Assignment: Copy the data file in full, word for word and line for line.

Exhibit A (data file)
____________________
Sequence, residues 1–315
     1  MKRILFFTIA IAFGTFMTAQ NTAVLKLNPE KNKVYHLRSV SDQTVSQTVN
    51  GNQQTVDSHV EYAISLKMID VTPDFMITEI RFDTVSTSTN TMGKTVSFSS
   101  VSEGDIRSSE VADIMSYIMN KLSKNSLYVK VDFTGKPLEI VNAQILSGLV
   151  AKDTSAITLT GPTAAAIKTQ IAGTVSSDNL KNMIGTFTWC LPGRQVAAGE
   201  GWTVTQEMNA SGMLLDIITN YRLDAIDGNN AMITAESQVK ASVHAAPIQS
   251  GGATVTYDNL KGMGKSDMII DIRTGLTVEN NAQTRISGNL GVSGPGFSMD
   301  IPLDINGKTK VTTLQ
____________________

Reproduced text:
Sequence, residues 1–315
     1  MKRILFFTIA IAFGTFMTAQ NTAVLKLNPE KNKVYHLRSV SDQTVSQTVN
    51  GNQQTVDSHV EYAISLKMID VTPDFMITEI RFDTVSTSTN TMGKTVSFSS
   101  VSEGDIRSSE VADIMSYIMN KLSKNSLYVK VDFTGKPLEI VNAQILSGLV
   151  AKDTSAITLT GPTAAAIKTQ IAGTVSSDNL KNMIGTFTWC LPGRQVAAGE
   201  GWTVTQEMNA SGMLLDIITN YRLDAIDGNN AMITAESQVK ASVHAAPIQS
   251  GGATVTYDNL KGMGKSDMII DIRTGLTVEN NAQTRISGNL GVSGPGFSMD
   301  IPLDINGKTK VTTLQ